Christmas lights decorate the outside of a nice suburban home while a light snowfalls with snowflakes the size of quarters. Through the window, you see a roaring fireplace with that warm orange glow. Grandpa is watching football, kids are playing on the floor smiling and getting along while everyone else is eating the big Christmas dinner leftovers.
At least according to a holiday movie. But the reality is often a lot more complicated. Family relationships get messy if not downright combative. Sometimes grandpa isn't watching T.V. because this is the first Christmas since he passed away. Other times there is just nobody around and instead of connection, all you have is the feeling of loneliness.
Holidays can be anything other than happy and there are lots of things that can get in the way of finding a little bit of rest and peace on earth. Instead of gifts and warm smiles we just get left with a mountain of shoulds, missed opportunities, and guilt.
What can you do to manage the never-ending list of things and people that end up on your calendar over these next couple of months? Here are some tips to help you have a happier holiday
Say “No” more often - Learn to say no. Overextending your time and effort means you might end up spending more time doing things that take away from your own goals for the holidays. Doing less can mean more time to enjoy the things that are important to you!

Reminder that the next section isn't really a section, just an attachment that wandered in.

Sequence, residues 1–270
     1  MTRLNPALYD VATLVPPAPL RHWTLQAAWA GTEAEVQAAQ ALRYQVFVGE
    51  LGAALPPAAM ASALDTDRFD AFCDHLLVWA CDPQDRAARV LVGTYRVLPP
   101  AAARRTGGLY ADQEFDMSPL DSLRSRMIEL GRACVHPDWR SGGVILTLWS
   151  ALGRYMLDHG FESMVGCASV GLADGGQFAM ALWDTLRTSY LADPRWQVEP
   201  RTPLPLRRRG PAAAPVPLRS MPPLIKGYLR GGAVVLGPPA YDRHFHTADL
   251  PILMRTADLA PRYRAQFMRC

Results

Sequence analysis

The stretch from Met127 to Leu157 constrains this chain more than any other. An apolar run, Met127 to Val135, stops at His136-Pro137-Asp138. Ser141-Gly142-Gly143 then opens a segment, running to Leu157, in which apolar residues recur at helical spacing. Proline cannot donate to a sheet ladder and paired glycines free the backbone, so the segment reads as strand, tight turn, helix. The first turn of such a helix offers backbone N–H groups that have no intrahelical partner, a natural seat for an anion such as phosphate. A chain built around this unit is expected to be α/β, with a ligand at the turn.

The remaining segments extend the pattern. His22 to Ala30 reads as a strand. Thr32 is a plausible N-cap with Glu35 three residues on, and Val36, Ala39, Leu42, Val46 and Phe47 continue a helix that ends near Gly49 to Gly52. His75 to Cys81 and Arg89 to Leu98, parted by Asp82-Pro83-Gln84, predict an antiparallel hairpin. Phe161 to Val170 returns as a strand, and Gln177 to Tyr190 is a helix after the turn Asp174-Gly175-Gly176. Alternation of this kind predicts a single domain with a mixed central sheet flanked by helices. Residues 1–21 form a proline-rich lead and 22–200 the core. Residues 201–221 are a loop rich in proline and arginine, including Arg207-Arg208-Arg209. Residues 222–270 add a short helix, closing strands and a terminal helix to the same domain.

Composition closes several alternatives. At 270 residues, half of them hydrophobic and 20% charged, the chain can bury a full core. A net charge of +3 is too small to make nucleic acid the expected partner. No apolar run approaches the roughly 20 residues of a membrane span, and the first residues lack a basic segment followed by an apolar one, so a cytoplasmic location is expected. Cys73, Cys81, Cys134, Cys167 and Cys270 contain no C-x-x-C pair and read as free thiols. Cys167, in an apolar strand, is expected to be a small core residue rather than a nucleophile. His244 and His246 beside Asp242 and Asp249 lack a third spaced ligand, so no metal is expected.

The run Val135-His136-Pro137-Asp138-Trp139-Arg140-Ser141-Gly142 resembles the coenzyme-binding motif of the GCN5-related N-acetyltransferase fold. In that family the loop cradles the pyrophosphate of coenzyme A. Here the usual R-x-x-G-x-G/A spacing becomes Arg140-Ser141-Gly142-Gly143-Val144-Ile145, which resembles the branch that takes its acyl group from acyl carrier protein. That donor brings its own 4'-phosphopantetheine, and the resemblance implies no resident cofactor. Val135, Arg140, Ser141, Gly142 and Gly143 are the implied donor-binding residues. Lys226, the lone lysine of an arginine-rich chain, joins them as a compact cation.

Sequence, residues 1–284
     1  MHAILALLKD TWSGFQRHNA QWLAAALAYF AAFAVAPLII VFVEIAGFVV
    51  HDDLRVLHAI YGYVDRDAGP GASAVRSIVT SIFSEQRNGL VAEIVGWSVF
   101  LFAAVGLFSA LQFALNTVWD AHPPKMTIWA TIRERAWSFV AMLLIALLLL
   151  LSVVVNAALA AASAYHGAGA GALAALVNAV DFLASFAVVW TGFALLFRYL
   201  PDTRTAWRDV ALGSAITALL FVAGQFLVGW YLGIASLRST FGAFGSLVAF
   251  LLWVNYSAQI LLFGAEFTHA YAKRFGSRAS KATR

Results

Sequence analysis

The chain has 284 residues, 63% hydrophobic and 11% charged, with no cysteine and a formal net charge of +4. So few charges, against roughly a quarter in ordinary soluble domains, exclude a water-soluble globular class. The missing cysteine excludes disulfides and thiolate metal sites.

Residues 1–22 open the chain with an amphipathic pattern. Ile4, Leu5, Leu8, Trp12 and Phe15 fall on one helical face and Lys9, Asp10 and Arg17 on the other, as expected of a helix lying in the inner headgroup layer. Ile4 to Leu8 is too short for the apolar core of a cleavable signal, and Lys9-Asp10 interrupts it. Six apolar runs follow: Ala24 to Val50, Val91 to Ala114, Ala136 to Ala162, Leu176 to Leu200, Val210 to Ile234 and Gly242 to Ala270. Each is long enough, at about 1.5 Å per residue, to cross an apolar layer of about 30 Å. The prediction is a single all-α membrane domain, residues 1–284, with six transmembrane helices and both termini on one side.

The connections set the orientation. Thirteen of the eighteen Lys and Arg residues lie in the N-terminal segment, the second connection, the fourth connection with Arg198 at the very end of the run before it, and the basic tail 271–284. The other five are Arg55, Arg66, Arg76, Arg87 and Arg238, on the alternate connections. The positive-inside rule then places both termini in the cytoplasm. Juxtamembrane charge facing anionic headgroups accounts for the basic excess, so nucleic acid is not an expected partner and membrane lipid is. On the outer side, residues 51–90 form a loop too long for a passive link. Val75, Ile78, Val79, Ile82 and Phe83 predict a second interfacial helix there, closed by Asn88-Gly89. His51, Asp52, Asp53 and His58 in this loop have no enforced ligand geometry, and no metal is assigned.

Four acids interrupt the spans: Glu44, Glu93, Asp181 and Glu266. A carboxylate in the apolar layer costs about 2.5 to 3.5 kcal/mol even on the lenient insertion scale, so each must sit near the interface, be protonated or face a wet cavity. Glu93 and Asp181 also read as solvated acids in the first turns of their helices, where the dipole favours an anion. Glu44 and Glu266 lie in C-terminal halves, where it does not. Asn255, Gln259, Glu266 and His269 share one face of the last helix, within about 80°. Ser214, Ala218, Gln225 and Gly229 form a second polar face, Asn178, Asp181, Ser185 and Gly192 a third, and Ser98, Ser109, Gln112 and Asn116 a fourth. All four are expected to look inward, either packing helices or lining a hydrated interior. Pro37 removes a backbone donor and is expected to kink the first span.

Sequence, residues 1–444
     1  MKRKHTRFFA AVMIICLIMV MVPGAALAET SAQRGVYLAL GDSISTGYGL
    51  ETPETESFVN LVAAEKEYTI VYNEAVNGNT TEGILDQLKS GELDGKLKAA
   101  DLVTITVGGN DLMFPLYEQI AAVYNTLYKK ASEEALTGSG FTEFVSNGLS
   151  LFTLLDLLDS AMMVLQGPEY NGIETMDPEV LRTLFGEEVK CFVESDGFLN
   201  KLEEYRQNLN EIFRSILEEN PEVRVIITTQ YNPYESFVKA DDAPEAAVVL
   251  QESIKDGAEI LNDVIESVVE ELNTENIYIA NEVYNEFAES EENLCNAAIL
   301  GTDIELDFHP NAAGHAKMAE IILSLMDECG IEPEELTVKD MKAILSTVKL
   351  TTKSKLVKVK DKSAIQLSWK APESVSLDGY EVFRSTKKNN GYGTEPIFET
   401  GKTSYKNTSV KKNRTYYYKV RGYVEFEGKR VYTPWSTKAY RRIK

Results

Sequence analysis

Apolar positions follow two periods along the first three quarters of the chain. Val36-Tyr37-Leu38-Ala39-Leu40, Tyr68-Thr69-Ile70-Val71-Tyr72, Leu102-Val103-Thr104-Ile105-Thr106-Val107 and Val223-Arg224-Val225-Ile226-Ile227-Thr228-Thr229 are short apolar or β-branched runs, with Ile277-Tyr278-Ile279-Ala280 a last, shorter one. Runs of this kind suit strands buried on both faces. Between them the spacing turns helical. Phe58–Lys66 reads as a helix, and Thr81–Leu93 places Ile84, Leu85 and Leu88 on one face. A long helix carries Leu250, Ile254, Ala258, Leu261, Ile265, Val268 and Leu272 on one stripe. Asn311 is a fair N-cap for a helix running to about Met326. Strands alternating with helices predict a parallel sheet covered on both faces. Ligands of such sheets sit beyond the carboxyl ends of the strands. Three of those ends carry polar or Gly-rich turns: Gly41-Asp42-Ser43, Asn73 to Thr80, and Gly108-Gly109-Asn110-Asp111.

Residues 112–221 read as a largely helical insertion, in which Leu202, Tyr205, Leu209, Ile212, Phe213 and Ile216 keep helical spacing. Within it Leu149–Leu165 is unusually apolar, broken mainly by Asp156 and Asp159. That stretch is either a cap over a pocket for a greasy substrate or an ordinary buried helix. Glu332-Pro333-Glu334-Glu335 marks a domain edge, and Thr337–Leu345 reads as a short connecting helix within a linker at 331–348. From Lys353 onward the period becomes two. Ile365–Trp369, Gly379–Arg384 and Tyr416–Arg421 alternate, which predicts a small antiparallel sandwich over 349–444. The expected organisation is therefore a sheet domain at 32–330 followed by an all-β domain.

Accept what you cannot change - Sometimes being uncomfortable is unavoidable. In those situations, you can either focus your attention on the discomfort or you can accept the things you cannot change and open up your possibilities on how to respond. You might not be in control of the guestlist at your parents' holiday party but you can accept that people you do not get along with maybe there but that you can control how you react to them.
Drink Less - One more Eggnog might mean that Aunt Cathy is a bit less grating but alcohol can limit your choices and change your mood in ways outside of your control. More control means you are in the driver's seat of your holiday.
Distract Yourself - Distraction can be a wonderful strategy for distress. Find something that you enjoy in the middle of the stress. This can be good self-care like a run or a nice bath. Or it can mean focusing on the Christmas Story playing in the living room to avoid a stressful conversation.
Don't overextend yourself- The holidays aren't all about buying the most expensive gifts, it's about spending time with loved ones. Yes, during the holidays this can be more complicated and stressful but overextending may add on to that pressure.
There are so many more strategies to help with the stress of the holidays from setting boundaries to managing emotional stress. At Chesterfield Counseling Associates we believe your holidays can be better. Join Tim and Morgan on December 4th from 9am-12:30 to learn about how to make your holidays just a little merrier. You can sign up by emailing email@example.com or going to our website page for workshops.